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Chicago: Munsell Publishing Company, Publishers 1912

This biography was submitted by a researcher and are abstracted from the above named publication.. Errors could occur, so one should always verify the correctness by obtaining copies of vitals and performing all necessary research to document what is contained herein.

Transcribed by Patty Gaddis

WATERS, DANIEL - Sangamon County has a number of pleasant communities in which one may obtain many urban advantages without sacrificing those of a country existence. In Rochester there are very desirable conditions, a fact recognized by many most substantial men, who have located there upon retiring from more active life. One of these is Daniel Waters, born two and one-half miles from Harper's Ferry, Va., September 14, 1830, a son of Levi Waters, born on the east side of the bay, in Maryland, May 6, 1796. The Waters family is a very old one, founded in Virginia prior to the Revolution. Levi Waters married Sarah Dutch, born at Harper's Ferry, in 1799. They died in Virginia. The mother died in 1856, but the husband survived until 1881. Neither ever rode on a railroad train. Five children were born to them: John F., George W., Daniel; Susan C., wife of Richard Russell, and Marla L., wife of Leander Bates, all of whom died in Virginia except Mrs. Bates and Daniel.

Daniel Waters attended school in Virginia and worked for his father. In 1852 he came to Sangamon County, settling five miles east of Rochester, where he engaged to work on a farm. Later he began farming for himself on a rented farm, and in 1864 bought a farm of 100 acres at Buckhart, Cooper Township, forty acres of it was in timber. Later he sold that and bought 280 acres near Buckhart and lived there until 1896, excepting two years at Springfield to educate his children. In 1896 he went to Edinburg, but in 1904 moved to Rochester, where he built his present beautiful home. He still owns two farms in Sangamon County amounting to 344 acres. He is heavily interested in Pullman, Wash., with his son, in land and furniture business.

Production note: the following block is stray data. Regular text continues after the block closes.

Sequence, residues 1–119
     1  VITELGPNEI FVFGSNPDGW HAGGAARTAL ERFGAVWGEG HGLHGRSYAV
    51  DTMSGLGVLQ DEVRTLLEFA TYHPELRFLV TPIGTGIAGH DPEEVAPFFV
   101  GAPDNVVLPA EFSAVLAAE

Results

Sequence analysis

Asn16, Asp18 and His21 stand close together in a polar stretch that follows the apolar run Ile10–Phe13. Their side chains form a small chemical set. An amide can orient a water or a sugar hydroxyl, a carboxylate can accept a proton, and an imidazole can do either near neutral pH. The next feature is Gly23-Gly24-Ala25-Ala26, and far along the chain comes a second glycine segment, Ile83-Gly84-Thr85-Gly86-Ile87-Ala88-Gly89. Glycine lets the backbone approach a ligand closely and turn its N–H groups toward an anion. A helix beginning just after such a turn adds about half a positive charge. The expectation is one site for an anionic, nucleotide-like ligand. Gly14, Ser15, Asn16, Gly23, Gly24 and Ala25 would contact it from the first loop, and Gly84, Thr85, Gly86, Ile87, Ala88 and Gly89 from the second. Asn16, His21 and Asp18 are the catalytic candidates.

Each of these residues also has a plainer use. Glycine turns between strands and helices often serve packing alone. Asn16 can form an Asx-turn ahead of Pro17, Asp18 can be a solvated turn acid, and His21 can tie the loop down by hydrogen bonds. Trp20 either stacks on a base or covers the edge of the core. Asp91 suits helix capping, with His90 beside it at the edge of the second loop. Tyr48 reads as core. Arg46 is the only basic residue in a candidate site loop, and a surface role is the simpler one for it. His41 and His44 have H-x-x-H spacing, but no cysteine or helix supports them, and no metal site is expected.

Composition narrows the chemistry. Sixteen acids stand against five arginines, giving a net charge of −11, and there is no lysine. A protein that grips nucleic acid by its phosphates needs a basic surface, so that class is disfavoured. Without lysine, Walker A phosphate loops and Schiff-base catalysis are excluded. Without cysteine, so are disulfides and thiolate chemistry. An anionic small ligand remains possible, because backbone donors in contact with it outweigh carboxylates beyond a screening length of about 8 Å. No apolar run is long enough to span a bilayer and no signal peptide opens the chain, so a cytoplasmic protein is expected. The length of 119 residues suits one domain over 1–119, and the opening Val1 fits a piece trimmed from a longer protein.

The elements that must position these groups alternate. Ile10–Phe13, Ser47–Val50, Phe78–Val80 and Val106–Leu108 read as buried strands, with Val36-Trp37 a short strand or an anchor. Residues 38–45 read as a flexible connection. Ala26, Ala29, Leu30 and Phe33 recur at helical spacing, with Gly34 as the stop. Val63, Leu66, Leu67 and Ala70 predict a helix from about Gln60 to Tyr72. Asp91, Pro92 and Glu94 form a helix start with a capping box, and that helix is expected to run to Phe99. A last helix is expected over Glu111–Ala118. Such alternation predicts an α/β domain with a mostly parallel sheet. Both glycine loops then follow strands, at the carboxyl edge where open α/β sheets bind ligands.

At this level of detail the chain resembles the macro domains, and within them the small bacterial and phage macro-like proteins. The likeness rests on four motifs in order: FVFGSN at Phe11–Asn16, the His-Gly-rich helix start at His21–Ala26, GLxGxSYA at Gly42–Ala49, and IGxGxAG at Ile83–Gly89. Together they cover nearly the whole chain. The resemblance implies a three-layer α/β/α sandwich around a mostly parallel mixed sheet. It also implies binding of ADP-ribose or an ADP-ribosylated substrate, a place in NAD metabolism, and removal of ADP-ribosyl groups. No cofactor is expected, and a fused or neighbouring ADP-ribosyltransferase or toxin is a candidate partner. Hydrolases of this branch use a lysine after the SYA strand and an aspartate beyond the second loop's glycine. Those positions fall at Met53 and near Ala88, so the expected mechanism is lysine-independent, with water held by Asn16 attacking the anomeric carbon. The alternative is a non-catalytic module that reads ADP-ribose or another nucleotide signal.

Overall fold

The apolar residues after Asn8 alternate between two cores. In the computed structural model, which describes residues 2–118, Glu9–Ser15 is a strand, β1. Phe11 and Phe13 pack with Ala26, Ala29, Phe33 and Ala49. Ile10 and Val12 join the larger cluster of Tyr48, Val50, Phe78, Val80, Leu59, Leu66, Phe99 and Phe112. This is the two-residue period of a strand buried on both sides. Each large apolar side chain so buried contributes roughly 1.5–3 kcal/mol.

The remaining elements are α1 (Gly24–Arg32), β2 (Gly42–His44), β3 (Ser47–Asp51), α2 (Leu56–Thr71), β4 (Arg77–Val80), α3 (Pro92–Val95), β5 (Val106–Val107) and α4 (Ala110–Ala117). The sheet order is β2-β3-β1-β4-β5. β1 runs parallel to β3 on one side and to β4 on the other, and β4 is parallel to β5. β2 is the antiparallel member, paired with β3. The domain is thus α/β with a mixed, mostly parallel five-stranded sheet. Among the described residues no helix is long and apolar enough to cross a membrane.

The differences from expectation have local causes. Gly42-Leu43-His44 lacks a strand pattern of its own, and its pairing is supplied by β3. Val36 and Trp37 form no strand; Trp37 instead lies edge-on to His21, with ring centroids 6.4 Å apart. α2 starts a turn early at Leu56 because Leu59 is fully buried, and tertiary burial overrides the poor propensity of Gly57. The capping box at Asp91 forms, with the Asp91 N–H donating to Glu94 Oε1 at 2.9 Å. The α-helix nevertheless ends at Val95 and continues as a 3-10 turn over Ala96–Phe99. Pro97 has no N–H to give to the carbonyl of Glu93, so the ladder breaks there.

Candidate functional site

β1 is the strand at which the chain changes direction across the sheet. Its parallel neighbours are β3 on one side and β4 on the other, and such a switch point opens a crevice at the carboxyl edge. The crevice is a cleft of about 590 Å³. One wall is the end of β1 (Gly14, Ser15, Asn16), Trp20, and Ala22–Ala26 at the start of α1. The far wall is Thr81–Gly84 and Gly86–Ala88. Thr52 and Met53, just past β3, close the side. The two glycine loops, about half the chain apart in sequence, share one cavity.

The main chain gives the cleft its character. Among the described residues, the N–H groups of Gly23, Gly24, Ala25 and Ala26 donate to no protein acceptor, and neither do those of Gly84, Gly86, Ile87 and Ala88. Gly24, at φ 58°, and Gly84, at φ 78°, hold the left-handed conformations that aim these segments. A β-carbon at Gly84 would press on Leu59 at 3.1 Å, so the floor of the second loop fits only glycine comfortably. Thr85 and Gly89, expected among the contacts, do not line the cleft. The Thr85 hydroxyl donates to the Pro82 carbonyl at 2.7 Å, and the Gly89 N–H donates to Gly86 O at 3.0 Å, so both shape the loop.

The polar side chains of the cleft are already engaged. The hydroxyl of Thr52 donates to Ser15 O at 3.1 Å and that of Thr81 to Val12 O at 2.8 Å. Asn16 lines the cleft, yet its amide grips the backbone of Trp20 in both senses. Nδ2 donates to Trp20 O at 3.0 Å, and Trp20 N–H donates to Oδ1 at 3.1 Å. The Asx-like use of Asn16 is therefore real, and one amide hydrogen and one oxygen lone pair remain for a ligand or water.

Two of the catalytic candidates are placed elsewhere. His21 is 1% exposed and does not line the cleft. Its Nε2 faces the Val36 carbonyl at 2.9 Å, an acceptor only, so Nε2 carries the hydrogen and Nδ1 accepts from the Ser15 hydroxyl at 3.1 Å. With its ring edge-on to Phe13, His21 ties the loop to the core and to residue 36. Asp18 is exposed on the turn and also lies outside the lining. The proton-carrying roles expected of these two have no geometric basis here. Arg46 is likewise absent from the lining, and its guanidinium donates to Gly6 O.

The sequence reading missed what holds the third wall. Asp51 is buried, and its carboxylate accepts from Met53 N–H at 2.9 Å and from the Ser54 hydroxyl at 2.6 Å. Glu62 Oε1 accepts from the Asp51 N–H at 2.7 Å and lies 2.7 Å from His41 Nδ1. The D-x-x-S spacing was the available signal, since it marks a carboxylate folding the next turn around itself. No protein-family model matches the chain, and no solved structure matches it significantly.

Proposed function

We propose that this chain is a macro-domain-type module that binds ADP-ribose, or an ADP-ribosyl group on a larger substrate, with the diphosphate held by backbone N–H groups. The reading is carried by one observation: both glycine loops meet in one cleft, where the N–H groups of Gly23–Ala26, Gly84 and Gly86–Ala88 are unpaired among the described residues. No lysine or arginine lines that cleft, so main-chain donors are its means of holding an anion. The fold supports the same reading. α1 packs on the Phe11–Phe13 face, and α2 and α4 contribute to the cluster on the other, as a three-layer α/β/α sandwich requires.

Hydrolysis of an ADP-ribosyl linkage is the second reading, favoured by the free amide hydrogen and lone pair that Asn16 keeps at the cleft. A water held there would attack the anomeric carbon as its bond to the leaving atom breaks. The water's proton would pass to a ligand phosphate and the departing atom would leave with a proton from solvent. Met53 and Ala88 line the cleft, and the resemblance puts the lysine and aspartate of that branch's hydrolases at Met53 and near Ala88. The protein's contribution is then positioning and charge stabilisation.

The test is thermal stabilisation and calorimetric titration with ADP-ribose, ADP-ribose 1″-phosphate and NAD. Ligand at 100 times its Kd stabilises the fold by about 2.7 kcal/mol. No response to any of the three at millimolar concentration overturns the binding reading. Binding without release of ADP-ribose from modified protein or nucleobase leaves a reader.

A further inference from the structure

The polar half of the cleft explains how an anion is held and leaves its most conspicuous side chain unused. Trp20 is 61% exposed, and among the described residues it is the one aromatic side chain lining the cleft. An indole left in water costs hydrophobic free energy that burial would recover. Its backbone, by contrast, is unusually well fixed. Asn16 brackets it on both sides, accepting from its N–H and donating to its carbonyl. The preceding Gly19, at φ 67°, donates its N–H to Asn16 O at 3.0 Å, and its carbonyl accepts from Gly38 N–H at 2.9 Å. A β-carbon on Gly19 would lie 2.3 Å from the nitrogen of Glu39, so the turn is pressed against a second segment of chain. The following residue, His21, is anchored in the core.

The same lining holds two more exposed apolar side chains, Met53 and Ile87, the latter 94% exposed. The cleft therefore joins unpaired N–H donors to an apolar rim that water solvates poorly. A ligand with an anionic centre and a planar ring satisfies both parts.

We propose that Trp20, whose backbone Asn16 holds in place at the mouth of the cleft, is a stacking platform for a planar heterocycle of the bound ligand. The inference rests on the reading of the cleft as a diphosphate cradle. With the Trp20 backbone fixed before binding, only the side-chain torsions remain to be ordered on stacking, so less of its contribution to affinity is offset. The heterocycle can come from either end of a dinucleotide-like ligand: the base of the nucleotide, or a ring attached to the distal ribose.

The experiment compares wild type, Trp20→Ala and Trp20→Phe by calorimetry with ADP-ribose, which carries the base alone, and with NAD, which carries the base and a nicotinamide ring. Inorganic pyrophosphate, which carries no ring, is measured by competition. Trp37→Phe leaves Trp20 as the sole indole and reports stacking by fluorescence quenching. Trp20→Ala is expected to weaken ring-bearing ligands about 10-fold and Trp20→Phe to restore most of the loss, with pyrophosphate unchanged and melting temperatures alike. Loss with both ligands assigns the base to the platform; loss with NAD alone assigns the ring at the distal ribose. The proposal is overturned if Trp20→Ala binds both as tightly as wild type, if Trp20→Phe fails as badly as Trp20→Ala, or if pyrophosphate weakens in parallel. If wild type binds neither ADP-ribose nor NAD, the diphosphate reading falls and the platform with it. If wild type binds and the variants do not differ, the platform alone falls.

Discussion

On February 9, 1892, he was married at his wife's birthplace, by the Rev. J. P. Dimmitt, of the Methodist Church, to Harriet V. Miller, born in Buckhart, Cooper Township, October 13, 1840. Her father, John C. Miller, was born in Loudoun County, Va., October 19, 1812, and came with his father to Sangamon County in 1835, entering 2,100 acres of land, now comprised in Cooper Township. He married Martha Melvine Sattley, born in Rochester Township, September 3, 1819, who still survives. Mrs. Sattley owned many acres of land in early days. The present town of Rochester was located on the portion where still stand the old log house in which he lived, and on this land stood the tree which tradition says sheltered Abraham Lincoln when he made his first speech. Mrs. Waters is one of the following children: George H.; Mrs. Waters; Edmund: Sarah A., wife of George Lucas; Eliza E., wife of John Baldwin; Mary A., wife of S. J. Prather. Five children were born to Mr. and Mrs. Waters; Anna A., born December 19, 1862, died Jun 9, 1893, was the wife of J. J. Troxell, had one, Lulu V., who married Dallas Langley, February 6, 1909, and had one child, Byron, born July 11, 1910; George E., born February 17, 1864, died March 3, 1866; Charles M., born February 28, 1867, lives in Pullman, Wash., where he owns a large department store and considerable land, married Addie Finney, issue, one daughter, Harriet Mildred, a graduate of Pullman State College, and a teacher of German and Latin; twins, Lulla and Lillie, born January 29, 1870, the former dying November 17, of that year, and the latter becoming the wife of C. E. Hazelett, living near Rochester and have one son, Glenn Waters, born February 9, 1891, and who graduated from Springfield High School in the class of 1910. Mr. and Mrs. Waters are members of the Methodist Church, and Mrs. Waters belongs to the W. C. T. U., of which she is Treasurer. She is also active in the Ladies Aid Society and the Missionary Society. Both are very strong Prohibitionists. Mrs. Waters served as Supervisor of Cooper Township eight terms, and was Treasurer of the School Board for fourteen years. He is one of the most highly esteemed men of the township and can look back on a long, useful, blameless life, filled with good deeds.

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